As the July 15th tax filing and payment deadline approaches, there are a few important reminders relating to tax law changes brought about by the Coronavirus Aid, Relief and Economic Security Act (“CARES Act”) to be aware of.
Know the Revised Tax Filing and Payment Deadlines
|Traditional Due Date||2020 Due Date Extended
by the CARES Act
|January 1 – March 31
Estimated Tax Payment
|April 15||July 15|
|April 1 – May 31
Estimated Tax Payment
|June 15||July 15|
|June 1 – August 31 Estimated Tax Payment||September 15||September 15|
|Individual and Corporate Tax Returns and Payments||April 15||July 15|
Consider Last-Minute Ways to Reduce Taxes
First, if you have not already contributed the maximum amount possible to your IRA, you can still make a contribution that reduces your 2019 taxable income as long as you make that contribution before the extended July 15th tax filing date. As a reminder, for 2019, you can contribute up to the lesser of your 2019 earned income or $6,000 ($7,000 if age 50 or older in 2019).
Second, if you had a health savings account (“HSA” – a tax-free savings account to save money for medical expenses when you are enrolled in a qualified high deductible health care plan) in place in 2019 and have not already contributed, you have until July 15th to make a contribution. As a reminder, for 2019, the maximum contribution for single participants is $3,500 and $7,000 if the HSA covers your family ($4,000 and $8,000 if you or any HSA insured person was 55 or older in 2019). Note that these contribution limits include employer contributions.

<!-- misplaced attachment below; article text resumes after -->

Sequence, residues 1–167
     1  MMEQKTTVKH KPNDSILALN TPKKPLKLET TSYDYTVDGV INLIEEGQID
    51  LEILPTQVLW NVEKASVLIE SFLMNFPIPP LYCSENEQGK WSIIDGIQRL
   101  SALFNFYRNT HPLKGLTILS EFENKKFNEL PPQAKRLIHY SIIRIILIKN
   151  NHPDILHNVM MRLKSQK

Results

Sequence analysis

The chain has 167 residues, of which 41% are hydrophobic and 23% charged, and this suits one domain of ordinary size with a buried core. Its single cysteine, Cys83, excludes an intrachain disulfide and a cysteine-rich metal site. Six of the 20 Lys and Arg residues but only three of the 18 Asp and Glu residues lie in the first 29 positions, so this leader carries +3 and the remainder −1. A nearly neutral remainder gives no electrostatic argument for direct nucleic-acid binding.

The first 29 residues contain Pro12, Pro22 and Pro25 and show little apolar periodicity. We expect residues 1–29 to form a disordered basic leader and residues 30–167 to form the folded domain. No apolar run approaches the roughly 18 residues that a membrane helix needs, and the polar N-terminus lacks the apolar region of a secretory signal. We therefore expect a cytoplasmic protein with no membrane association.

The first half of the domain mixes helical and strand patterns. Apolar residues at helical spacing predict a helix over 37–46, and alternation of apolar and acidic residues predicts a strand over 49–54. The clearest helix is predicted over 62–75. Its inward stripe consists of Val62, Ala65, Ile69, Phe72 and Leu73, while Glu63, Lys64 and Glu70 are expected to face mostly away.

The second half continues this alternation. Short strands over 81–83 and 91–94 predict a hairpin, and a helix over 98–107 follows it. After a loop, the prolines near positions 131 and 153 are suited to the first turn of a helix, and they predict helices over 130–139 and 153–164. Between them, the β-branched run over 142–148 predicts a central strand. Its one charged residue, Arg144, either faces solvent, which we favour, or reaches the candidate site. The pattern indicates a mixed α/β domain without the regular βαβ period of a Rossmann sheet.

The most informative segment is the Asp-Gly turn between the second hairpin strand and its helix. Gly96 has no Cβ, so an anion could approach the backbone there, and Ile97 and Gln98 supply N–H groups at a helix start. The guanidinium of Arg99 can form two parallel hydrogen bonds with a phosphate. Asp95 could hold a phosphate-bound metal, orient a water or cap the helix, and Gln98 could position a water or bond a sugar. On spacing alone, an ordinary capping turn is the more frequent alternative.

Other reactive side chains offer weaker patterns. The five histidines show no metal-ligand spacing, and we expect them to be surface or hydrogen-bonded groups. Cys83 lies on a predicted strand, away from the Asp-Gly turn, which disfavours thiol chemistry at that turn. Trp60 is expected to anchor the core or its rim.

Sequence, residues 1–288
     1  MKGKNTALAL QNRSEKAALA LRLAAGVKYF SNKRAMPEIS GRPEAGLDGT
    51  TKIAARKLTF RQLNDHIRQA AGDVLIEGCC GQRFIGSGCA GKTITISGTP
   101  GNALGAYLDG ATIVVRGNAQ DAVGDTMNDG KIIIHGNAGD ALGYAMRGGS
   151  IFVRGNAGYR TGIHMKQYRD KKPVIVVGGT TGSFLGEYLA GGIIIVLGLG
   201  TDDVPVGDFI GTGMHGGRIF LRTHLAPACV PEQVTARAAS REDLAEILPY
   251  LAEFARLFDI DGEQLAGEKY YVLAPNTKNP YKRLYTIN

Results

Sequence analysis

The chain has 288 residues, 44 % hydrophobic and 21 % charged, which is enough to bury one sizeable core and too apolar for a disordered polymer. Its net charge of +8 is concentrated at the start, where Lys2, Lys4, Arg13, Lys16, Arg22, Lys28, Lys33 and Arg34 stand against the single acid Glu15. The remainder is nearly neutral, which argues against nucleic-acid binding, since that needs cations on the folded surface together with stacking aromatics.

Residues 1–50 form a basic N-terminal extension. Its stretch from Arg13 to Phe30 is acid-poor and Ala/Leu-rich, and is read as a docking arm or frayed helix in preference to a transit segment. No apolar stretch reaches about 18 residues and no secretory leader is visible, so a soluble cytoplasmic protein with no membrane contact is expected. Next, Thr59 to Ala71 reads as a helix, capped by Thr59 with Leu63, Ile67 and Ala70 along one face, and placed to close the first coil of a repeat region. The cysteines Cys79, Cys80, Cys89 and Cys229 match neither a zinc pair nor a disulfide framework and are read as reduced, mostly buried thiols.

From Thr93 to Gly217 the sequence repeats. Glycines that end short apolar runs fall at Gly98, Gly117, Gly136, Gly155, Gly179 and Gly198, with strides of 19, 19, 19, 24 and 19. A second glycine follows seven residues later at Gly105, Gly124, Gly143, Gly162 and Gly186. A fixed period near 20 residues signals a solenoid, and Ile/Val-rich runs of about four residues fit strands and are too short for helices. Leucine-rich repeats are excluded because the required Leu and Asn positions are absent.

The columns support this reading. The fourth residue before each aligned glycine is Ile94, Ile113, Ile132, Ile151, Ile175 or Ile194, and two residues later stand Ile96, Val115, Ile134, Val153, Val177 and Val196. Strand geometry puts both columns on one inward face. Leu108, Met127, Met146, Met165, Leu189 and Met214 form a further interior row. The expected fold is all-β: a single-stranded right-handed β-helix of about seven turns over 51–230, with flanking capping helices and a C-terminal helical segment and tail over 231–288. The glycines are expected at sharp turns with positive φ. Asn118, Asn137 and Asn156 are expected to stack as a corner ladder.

Third, if you are a business owner that operates as a sole proprietor or are self-employed, you can contribute the lesser of 20% (25% for corporations) of 2019 net income or compensation or $56,000 to a SEP IRA in 2020. Even if you have not already opened the SEP IRA account, you have until the new tax filing deadline of July 15th, 2020 (or up to October 15th, 2020 if you file an extension) to make a deductible contribution.
If You Own a Business, Consider Whether Net Operating Losses (“NOL”) Might Provide You a Refund
While NOL carryback rules were eliminated in 2017, the CARES Act allows net operating losses occurring in 2018, 2019, and 2020 to offset taxable income up to five years prior. Additionally, the CARES Act suspends the 80% of taxable income limitation for tax years before 2021. For tax years 2018, 2019 and 2020, NOLs may fully offset taxable income in any year up to five years prior to 2018, 2019 or 2020. Speak with your tax advisor soon to see if these NOL changes will justify an amended return to potentially save on taxes. The deadline for amending a return for an NOL incurred in 2018 is June 30, 2020. More information on NOL changes may be viewed here.
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